20. sudo gem install fluent-plugin-prometheus
    sudo gem install fluent-plugin-azurestorage
    CODE

21. If you are going to utilize the configurations below, you need to create and chown a directory. This directory is used for chunk storage, that is temporary storage of logs until it’s time to upload those files (based on the timekey setting).

sudo mkdir /var/spool/td-agent/
sudo chown td-agent:td-agent /var/spool/td-agent/
CODE

Congratulations! Your Fluentd Installation is now complete

Fluentd Configuration:

Before we dig into the configuration, keep the following paths in mind.

/etc/td-agent/td-agent.conf is the default configuration file.

/var/log/td-agent/ is the path where all log files are stored, and the main file is td-agent.log

/var/spool/td-agent/ you need to create this directory for chunk storage (chown to td-agent:td-agent).

You need to create a proper configuration in the td-agent.conf file so td-agent knows how to run, on what ports to listen, and where to upload received data. This guide suggests building out your td-agent file using a building block approach. Or simply think about your data sources as a pipeline. That would be the source → filter(s) → outputs. You only need to build a few source stanzas (one for TCP , one for UDP, and one for any unique sources), a single filter if you even need it and likely a single output (with some modifications for each pipeline).

Source Configuration:

An example source stanza might look like this. To learn more about the Fluentd syslog input, it is advised to read Fluentd’s documentation.

<source>
  @type syslog
  port 5000
  bind 0.0.0.0
  @log_level trace
  <parse>
    @type syslog
    support_colonless_ident false
    message_format rfc5424
  </parse>
  <transport tcp>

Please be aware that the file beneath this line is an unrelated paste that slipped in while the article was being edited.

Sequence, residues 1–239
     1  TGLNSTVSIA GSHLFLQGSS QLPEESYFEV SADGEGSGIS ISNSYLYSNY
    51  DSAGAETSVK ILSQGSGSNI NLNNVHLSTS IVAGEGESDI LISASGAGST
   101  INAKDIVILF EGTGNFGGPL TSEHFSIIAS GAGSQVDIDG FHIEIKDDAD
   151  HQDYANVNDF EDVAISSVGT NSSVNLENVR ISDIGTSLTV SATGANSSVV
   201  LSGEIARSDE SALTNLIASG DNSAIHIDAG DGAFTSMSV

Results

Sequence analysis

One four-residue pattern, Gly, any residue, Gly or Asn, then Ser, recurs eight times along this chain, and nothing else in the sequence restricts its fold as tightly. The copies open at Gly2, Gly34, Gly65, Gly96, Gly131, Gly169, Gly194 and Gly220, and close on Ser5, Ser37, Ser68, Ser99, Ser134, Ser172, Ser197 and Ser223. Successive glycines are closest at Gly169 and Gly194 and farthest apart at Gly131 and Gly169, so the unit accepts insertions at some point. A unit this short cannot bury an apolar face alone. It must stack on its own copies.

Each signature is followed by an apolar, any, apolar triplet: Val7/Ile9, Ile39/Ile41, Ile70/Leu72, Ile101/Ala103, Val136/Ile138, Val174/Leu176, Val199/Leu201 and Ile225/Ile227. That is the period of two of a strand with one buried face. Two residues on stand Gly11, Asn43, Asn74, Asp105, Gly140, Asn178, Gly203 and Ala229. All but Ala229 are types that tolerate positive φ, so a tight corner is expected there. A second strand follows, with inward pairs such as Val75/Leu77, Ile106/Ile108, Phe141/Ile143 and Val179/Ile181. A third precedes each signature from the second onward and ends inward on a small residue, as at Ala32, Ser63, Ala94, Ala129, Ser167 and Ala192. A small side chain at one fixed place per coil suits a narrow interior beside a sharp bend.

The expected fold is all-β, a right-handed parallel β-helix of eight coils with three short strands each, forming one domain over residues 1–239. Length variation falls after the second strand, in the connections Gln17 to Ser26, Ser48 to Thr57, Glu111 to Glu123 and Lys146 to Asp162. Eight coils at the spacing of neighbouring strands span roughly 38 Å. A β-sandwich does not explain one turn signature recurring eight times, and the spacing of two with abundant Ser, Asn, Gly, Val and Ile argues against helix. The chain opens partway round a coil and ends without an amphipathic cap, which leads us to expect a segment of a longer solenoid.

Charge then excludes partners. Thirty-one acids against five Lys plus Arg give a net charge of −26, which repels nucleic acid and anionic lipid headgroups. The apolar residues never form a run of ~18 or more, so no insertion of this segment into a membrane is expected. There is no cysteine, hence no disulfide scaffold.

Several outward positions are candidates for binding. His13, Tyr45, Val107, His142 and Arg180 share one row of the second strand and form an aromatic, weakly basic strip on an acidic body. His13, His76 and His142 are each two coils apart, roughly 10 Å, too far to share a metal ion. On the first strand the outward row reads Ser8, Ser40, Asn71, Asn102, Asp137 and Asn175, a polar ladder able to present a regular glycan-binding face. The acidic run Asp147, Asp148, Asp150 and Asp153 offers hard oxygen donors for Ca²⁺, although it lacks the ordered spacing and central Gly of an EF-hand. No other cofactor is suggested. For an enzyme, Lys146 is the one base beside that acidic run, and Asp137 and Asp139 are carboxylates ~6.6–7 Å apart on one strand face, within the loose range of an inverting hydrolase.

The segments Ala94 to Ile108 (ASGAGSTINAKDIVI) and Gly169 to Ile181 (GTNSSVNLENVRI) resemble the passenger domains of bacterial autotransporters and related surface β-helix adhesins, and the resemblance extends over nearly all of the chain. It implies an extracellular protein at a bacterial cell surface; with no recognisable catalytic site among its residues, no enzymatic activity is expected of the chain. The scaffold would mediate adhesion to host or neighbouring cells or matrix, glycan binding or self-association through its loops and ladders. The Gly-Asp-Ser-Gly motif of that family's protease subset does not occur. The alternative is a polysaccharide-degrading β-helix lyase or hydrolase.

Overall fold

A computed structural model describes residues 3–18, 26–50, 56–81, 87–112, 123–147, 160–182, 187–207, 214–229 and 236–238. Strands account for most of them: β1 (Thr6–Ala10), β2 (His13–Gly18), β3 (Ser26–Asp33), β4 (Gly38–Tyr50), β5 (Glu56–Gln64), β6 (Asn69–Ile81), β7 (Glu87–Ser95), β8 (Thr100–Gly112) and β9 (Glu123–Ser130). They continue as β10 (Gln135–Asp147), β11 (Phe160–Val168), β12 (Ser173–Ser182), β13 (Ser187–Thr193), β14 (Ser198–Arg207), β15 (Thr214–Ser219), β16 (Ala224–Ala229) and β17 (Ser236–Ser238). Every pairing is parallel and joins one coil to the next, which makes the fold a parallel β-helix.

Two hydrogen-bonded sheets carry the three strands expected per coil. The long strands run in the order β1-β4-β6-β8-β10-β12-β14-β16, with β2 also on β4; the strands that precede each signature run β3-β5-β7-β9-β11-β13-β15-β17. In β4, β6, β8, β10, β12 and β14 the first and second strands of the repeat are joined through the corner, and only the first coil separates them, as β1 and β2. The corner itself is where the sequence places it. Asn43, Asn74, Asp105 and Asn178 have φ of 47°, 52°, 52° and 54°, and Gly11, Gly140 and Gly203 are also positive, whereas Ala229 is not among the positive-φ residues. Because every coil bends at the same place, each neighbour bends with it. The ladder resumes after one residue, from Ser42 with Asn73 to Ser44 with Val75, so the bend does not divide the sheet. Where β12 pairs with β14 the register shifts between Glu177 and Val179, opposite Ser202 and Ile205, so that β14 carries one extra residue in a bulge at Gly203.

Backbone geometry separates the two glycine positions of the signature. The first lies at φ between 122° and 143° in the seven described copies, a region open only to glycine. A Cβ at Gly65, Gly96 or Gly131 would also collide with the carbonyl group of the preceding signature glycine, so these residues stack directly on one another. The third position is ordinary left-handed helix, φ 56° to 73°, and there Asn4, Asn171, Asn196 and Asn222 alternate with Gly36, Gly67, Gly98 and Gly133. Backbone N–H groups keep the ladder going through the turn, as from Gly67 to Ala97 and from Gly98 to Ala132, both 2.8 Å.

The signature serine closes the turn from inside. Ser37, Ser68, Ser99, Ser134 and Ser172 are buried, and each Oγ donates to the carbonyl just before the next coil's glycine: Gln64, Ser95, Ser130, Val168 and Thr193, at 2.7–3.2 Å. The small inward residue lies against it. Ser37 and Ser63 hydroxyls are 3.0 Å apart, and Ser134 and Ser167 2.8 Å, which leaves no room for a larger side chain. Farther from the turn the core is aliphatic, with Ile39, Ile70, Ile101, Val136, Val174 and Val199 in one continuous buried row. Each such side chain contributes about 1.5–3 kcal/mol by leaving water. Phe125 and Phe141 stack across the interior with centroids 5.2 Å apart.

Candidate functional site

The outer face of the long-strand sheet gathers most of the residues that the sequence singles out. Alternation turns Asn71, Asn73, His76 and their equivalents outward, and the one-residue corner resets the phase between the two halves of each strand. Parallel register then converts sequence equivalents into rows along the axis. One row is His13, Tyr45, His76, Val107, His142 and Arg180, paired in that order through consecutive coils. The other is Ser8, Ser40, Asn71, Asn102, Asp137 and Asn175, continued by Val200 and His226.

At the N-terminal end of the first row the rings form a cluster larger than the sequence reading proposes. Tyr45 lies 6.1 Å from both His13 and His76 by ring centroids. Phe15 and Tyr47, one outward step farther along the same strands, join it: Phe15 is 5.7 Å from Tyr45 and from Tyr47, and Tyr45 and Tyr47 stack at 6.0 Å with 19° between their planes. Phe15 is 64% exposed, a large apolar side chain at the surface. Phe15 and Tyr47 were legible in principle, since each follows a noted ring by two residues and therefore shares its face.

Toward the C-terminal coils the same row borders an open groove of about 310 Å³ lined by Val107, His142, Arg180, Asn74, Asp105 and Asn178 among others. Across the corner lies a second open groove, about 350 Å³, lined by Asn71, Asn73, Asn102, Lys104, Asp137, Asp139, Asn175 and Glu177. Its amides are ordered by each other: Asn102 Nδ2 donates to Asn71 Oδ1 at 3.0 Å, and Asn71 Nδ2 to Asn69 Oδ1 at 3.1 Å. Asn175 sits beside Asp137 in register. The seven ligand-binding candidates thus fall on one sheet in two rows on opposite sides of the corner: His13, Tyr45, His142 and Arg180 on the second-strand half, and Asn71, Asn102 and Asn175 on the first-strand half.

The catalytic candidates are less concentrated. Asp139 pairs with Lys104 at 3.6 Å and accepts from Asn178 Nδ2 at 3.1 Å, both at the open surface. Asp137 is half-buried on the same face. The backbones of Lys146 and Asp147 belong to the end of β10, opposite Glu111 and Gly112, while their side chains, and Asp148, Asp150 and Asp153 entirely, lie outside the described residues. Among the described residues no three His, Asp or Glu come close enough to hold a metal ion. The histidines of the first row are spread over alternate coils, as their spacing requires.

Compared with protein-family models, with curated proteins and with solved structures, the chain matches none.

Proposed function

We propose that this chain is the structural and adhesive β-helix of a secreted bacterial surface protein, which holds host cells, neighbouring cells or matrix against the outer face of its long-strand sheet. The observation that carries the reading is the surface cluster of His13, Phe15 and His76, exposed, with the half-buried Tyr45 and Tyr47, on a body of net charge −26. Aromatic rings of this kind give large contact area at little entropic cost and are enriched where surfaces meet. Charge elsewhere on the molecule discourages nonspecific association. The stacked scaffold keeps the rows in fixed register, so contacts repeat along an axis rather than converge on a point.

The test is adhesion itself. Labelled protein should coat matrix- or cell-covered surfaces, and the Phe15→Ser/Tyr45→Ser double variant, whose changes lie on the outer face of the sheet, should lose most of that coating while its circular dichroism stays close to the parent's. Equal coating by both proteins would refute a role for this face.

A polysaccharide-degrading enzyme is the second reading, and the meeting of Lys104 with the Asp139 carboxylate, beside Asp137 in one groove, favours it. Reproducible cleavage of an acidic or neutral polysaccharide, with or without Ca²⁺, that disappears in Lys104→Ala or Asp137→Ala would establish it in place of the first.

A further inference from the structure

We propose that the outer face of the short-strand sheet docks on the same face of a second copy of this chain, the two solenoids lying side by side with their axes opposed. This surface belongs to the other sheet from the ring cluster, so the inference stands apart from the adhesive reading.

</transport>
  tag default_syslog
</source>
CODE

In the above configuration there a few things to note.

Source

  • The “port 5000” and the “listen 0.0.0.0” will dictate on what ports fluentd is listening and on what interface(s).

  • 0.0.0.0 means all interface(s) in this example.

Remember: If you need to listen on ports below 1024 you will need to change your Fluentd configuration to run Fluentd as root. Instructions to run Fluentd as root are here.

Parse

  • The parse section of the example above, tells Fluentd how to parse each line that is received.

  • This is the section that seems to require the most customization in this guide’s configuration. This is due to the differences in the message format itself, even for tools that claim to support a specific syslog standard (RFC3164, and RFC5424) the actual bytes on the wire might change from the specification. When working on a parsing statement, always refer to the documentation.

Transport

  • The transport section is how you specify TCP or UDP connectivity will be used.

  • If you would like to use both, then create two identical <source> sections in your configuration and change the transport setting between them.

Tag

  • The last part, the tag is one of the most important settings, so this guide covers it in more depth.

  • Tags are used to determine routing within Fluentd for all events.

  • Each event will be tagged at ingestion time by the tag that is listed on that source.

  • In this case default_syslog, however for syslog that is not the only tag that will be applied.

  • Here is an example that shows an event that was captured by the source statement above:

2021-06-25T22:45:34+00:00       default_syslog.auth.info        {"host":"localhost","ident":"prg00000","pid":"1234","msgid":"-","extradata":"-","message":"seq: 0000000008, thread: 0000, runid: 1624661134, stamp: 2021-06-25T22:45:34 PADDPADDPADDPADDPADDPADDPADDPADDPADDPADDPADDPADDPADDPADDPADDPADDPADDPADDPADDPADDPADDPADDPADDPADDPADDPADDPADDPADDPAD"}
CODE
  • By looking at the tag, it’s visible that it is default_syslog.auth.info not default_syslog as you might expect.

  • What Fluentd actually does is to build the tag as tag_value.facility.severity and that requires a slight modification to the <filter> and <match> stanzas that we need to write.

  • Instead of writing your tag matches as default_syslog.* write them as default_syslog.**

Filter Configuration:

We will use filter stanzas to enable Prometheus metrics on the ingest pipelines that I create. This allows to monitor and understand the performance of your Fluentd servers. If you have no need for metrics, you can skip this step.

An example filter stanza might look like this:

<filter default_syslog.**>
  @type prometheus
  <metric>
    name default_syslog_input_num_records_total
    type counter
    desc The total number of records sent to the default_syslog collector.